Walking with My Ghost
Steven Levine, author of “A Year To Live,” suggests that we take a day off from living from time to time. He advises us to use our imagination to disconnect ourselves from life and pretend that we have died. We see the world as though it were the day after our funeral. We walk through a world in which we no longer are physically present. Weird? Maybe, but anyone who has seen “It’s a Wonderful Life” or went to a performance of Thornton Wilder’s “Our Town” can get the idea.
Anyway, I decided to give it a shot yesterday afternoon. I took a stroll around my own neighborhood, as it might look the day after I died. Initially, it felt sort of eerie. “Hank, you’re losing it,” I thought to myself. But, little by little, I began to get into it. I became an invisible spirit checking out where I used to live. I was an observer not a participant in life.
First thing I noticed was that my “spirit eyes” were picking up things I hadn’t noticed before. That towering California oak tree. Was that always there? That’s beautiful. The leaves on all the trees seemed greener, fresher looking. I reached out and touched a leaf. How perfectly it was formed! Odd, that I had never really looked at a leaf, not since I was a toddler, anyway. Hey, there goes a blue dragonfly. Wow!
I took a deep breath and my lungs expanded with the fresh early summer air. One of my neighbors had a backyard bar-b-que going and I could almost taste the aroma of hot dogs on the grill. Umm! Delicious.
As I continued, I heard a child’s voice drifting over a fence “Mom, can I have another cookie?” I smiled my ghostly smile, ah, how normal it all seemed. A part of me was already getting nostalgic for the simple things as though I were missing life already.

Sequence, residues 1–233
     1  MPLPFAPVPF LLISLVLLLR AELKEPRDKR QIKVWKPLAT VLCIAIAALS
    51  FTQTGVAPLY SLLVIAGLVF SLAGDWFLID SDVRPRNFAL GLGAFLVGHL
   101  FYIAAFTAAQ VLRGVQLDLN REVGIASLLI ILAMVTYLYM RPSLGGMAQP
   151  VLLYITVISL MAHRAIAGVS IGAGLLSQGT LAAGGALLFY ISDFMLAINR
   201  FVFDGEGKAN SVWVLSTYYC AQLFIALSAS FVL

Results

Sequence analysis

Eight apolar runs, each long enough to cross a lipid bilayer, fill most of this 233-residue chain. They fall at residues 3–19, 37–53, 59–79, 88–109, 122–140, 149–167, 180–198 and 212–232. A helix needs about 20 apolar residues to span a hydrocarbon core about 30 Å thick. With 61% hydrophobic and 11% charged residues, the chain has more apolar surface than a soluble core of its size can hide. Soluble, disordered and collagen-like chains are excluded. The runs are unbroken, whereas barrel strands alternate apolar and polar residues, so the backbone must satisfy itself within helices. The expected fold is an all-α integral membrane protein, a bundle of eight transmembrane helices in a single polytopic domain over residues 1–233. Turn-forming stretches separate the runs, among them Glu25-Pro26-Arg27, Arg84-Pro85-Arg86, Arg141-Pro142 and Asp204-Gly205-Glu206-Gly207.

Across the street, I observed a man walking his dog. Man and dog seemed relaxed, content to be out together on a summer day in California. I tried to recall if I appreciated my walks with “Penny” or did I resent having to walk her. What a dummy not to have enjoyed those moments, now impossible to experience again. As I walked along, I was beginning to see and hear and smell and touch the very ordinariness of life and feel deeply moved by the experience.
I recognized I was going over the top when I was not even irritated by the sound of my neighbor’s kid breaking the sound barrier in his motorcycle. Good grief! Am I morphing into a latter day Jimmy Stewart? Life was not THAT wonderful was it?
No, of course not. I tried to think of some of my disappointments in life, my failures, the times I didn’t love my wife enough, the times I was lonely but you know something? All those shortcomings paled in comparison with the gift of life itself. All the bad stuff meant nothing when stacked up against the miracle of life. Why hadn’t I realized that?
My little ghostly walk came to an end, as I knew it would. But something remained with me making my re-entry to earth a little less traumatic. The experience will stay with me because it put me in touch with truth and beauty that is really here. Those are not pretend, not a product of our imagination. We just need to reach out and claim them for our own. They are present in our lives. For the moment at least I understood that life is way more precious than we have the wisdom to appreciate. And, if it takes a pretend day off from life to help us realize it, so be it,